So you got your first job…
Just show up and do your work, right? Get there on time and stay out of the way. Everything else will fall into place.
Do this and not only will you crash and burn, you’ll be searching for your second job in no time.
So what should you do to make the most of your first job? I’m glad you asked. As a 22 year old, less than a year removed from my college days, I’m not an expert on much. But I do know a thing or two about finding success in a first job, because for the last 5 months I’ve been working hard to do just that.
May 27, 2014 was my first day at my first real job. For the rest of my life, I can look back on that as the day I moved from college student to bonafide working man. Except like any college grad, I was anything but bonafide. There has been a definite learning curve and I know there is still much to learn about working and careers, but let me share 8 things that have helped me find success in my first 5 months on the job.
1) Ask questions. You don’t have all the answers. Allow me to repeat: you don’t have all the answers. The best thing you can do to position yourself for success is to ask questions. If you’re unsure, ask. If you want to know the proper procedure, ask. If you get stuck or mess something up, ask. If you need more work, ask. If you ask up front, you will have clearer expectations and be able to do you job more effectively.
2) Read. Leaders are readers. I know you’ve heard it before, but it really is true. One of the best ways you can stay on top of your game is to read. Read about leadership. Read about your industry. Read about productivity. Keep up with current trends and publications in your field. These will give you new ideas and help you think critically. (Pro tip: As you read, take notes and jot down big ideas and key takeaways. Compile these together and use this “net-out” if you ever want to go back over the material).
3) Build relationships. Make a point to get to know your colleagues and clients. They are people too. They have lives and interests outside of work. Don’t be so caught up in what you are doing that you forget this. Many of them have been where you have been before, made the same mistakes you have made. You can learn much from their experience, but only if you seek to build a relationship with them. Plus, if you understand your colleagues and clients, you will be that much more equipped to effectively work for and alongside them.
4) Stay Organized. There is no easier way to get behind than to be unorganized. With most jobs, there will be a bit of a slow period in the beginning as you transition in. Take this time to get yourself organized. How are you going to manage your calendar? Where will you take notes? Do you plan to keep your to-do list digital or do you need to go buy a couple moleskins? Figuring these out ahead of time will get you rolling and make it easier to adjust as your workload increases.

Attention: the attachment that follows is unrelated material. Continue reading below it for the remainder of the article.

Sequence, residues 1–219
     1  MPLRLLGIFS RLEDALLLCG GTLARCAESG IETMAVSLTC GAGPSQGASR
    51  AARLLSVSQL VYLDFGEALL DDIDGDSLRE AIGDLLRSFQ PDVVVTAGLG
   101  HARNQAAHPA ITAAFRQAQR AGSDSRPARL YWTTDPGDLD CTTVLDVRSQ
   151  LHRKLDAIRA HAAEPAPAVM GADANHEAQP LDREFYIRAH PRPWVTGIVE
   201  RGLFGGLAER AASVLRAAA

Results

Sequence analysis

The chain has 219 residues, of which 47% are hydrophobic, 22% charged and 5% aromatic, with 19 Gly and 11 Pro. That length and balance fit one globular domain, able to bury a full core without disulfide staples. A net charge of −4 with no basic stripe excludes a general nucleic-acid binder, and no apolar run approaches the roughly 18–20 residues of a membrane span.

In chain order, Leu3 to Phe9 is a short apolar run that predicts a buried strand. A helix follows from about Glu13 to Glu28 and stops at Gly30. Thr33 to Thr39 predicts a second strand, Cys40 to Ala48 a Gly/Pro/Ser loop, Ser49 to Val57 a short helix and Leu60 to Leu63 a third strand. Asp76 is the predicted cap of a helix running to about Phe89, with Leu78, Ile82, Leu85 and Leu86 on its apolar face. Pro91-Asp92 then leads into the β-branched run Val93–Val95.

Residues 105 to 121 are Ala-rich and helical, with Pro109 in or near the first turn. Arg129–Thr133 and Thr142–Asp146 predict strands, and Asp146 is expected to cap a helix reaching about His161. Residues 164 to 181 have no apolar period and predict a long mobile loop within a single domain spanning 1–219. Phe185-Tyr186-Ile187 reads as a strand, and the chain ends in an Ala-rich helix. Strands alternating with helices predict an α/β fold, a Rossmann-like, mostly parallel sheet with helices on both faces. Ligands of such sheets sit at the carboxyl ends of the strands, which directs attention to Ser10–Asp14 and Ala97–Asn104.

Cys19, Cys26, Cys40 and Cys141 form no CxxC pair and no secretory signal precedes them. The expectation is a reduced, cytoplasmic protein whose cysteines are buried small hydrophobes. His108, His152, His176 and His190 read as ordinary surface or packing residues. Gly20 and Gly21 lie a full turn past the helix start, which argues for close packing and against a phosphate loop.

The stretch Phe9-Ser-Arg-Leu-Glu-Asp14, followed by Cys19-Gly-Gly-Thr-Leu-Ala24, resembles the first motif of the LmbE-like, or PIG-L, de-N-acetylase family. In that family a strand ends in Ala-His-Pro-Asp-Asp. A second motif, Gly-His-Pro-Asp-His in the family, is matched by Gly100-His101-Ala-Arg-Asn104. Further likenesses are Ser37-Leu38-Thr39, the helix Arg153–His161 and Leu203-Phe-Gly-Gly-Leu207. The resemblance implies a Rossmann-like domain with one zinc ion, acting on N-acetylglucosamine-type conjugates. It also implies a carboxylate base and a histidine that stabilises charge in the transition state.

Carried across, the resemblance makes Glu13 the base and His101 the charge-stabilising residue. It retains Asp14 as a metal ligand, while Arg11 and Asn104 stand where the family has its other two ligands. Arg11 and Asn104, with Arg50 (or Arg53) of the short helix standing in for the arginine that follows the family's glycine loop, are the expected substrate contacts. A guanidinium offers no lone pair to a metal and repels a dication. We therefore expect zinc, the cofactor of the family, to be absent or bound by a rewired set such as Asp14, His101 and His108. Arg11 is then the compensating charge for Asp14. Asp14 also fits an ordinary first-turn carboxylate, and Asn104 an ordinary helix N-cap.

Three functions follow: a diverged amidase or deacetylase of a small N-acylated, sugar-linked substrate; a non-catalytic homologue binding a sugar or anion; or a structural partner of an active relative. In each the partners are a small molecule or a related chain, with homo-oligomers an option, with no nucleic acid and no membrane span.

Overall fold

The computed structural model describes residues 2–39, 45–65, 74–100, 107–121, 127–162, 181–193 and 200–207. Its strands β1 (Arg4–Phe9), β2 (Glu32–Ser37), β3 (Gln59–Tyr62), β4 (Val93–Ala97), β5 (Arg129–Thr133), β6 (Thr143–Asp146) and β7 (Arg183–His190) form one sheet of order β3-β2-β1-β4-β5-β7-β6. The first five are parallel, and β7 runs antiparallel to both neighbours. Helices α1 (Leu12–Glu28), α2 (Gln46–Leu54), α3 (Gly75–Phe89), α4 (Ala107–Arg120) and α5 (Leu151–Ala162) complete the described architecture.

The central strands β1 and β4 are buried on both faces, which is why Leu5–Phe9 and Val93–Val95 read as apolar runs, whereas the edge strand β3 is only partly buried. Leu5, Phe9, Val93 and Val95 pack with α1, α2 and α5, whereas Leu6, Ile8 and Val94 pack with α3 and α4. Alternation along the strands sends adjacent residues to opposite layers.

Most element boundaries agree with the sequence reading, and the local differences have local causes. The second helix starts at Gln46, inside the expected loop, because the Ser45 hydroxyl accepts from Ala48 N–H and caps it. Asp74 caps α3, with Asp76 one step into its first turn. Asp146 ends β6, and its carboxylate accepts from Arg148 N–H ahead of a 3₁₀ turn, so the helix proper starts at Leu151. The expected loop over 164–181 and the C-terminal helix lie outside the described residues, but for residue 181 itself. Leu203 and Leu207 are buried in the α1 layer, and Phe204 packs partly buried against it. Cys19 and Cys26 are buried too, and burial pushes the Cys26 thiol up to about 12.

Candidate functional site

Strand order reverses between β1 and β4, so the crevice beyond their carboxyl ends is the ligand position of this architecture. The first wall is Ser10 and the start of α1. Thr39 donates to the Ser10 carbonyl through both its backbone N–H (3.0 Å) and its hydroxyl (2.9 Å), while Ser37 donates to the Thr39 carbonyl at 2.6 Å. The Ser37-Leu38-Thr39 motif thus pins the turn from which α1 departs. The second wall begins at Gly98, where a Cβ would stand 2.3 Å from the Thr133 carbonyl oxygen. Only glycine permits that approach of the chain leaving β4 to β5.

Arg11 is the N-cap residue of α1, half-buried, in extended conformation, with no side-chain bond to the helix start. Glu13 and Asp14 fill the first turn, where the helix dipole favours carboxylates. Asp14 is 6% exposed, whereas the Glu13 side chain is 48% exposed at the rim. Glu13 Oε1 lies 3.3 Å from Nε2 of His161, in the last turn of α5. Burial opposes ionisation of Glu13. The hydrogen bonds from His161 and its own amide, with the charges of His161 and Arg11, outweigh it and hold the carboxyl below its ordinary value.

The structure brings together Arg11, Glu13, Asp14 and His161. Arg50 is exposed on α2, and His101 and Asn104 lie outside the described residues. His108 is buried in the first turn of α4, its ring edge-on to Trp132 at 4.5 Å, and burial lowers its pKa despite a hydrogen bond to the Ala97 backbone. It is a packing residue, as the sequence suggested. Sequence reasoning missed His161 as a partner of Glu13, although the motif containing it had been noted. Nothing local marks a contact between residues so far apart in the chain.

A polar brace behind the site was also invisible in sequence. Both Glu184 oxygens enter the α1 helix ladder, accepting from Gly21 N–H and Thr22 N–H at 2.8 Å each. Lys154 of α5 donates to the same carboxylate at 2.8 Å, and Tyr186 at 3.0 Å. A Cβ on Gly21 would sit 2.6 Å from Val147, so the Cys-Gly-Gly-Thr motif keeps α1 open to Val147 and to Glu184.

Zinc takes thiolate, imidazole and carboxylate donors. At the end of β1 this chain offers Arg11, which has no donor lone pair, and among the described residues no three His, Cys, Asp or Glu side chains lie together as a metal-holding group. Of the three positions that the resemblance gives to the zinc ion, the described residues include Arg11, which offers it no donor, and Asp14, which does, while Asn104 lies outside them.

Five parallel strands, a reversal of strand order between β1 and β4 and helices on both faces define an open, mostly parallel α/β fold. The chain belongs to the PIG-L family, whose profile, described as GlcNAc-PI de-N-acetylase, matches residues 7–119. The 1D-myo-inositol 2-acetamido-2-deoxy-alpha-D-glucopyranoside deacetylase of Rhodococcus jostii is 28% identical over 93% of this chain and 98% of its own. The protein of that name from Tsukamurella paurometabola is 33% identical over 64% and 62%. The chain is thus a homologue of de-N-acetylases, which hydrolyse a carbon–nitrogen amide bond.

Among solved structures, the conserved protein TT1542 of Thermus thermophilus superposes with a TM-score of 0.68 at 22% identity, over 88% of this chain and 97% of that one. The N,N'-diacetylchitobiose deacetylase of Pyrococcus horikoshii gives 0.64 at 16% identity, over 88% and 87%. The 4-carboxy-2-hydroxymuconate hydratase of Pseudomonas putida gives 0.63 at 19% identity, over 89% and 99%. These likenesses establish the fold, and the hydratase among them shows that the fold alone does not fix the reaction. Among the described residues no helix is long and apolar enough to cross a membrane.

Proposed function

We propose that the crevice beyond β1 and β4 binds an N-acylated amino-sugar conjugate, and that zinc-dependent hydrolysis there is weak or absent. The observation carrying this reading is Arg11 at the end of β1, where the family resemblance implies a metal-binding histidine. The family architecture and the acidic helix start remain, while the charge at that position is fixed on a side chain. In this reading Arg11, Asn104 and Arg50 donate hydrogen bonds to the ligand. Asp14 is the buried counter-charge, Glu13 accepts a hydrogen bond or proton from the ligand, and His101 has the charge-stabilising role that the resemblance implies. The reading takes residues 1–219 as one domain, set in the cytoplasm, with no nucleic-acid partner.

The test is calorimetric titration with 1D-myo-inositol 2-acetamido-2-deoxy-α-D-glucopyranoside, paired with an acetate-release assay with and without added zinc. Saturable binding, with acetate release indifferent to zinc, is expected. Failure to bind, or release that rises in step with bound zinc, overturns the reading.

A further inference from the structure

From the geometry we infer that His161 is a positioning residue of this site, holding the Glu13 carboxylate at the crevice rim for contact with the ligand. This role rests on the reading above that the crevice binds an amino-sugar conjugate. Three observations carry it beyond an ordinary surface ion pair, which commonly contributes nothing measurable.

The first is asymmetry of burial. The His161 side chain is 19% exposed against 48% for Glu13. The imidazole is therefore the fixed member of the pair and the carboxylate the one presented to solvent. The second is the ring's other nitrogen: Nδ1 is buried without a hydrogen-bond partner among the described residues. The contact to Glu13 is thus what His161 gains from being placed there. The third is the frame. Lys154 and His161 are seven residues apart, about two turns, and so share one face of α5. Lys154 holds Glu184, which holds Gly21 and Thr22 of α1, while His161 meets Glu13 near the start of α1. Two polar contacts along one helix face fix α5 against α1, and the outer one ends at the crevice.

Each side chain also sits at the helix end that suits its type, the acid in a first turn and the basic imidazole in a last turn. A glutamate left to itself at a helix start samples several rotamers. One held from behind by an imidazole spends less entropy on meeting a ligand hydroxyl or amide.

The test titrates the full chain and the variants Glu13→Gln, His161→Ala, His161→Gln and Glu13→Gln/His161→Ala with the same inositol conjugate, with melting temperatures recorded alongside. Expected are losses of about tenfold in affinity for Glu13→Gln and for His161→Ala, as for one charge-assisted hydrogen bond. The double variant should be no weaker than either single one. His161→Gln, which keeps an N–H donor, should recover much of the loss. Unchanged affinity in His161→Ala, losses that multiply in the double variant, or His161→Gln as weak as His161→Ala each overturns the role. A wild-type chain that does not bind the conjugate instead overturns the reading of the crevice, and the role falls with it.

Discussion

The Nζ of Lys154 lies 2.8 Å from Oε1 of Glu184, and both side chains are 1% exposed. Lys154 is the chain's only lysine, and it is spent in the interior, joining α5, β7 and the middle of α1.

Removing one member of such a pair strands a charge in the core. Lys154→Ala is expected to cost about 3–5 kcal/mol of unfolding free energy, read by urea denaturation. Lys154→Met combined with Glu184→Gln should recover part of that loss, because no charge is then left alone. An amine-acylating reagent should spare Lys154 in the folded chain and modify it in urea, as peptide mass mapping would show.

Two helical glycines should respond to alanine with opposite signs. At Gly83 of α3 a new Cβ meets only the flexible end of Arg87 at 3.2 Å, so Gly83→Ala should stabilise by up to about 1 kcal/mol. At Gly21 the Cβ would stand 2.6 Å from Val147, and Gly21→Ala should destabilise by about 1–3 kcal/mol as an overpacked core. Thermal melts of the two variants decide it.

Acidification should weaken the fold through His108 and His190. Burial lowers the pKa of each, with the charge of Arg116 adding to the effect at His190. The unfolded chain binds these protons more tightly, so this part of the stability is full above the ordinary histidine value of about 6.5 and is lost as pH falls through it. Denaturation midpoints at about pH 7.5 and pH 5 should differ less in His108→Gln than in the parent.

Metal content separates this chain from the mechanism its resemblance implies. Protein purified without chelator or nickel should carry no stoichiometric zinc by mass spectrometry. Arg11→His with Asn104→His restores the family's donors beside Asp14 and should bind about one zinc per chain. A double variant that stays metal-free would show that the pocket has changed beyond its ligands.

5) Schedule breaks. Unlike school, most jobs are never done. There is always more you can do or another project you can tackle. But if you try to do too much, your work will suffer and you will get burnt out. When you first start out, there is a tension to want to burn the midnight oil and prove yourself, but be careful. You definitely want to work hard, but you will work better when you give your brain and your body a break. It’s ok to reward yourself after finishing an assignment or making progress on a big project. Go for a walk, watch a couple funny videos, catch up on today’s news. Also don’t forget to give yourself plenty of rest when at home too, especially straight away as you settle into the groove of working full-time.
6) Pay attention to your organization’s culture. Every organization has a culture and every good organization has worked hard to create and foster that culture. Pay attention to and try to figure out what is unique and important to your organization’s culture. This will not only help you adjust and adapt to be effective within the culture, but you can also gain great insight about yourself and what kind of culture you most value and best fit.
7) Volunteer to try things. Unless you are in a job that requires a super specific skill set or knowledge base, you likely only have an inkling as to what you enjoy doing or even what you do best. So get out there and try stuff! If you hear about a project or an assignment that sounds interesting, volunteer to help. You may hate it or you may just find your newest passion. Either way you’ll never know until you try.
8) Serve your colleagues. This is truly one of the greatest things you can do to set yourself up for success. Make sure your colleagues know you aren’t just worried about yourself. You care about them, their success and the success of the organization. Be thinking about and asking, “what can I do to help?” If you consistently do this, you will not only become a new favorite around the office, but you will leave at the end of the day, feeling good about what you accomplished.
If you do these 8 things, I’m not promising you’ll get a raise or a promotion before the first year is up, but I am confident you will find success, learn a great deal, and actually enjoy your first job.
What are some others things that helped you find success in your first job?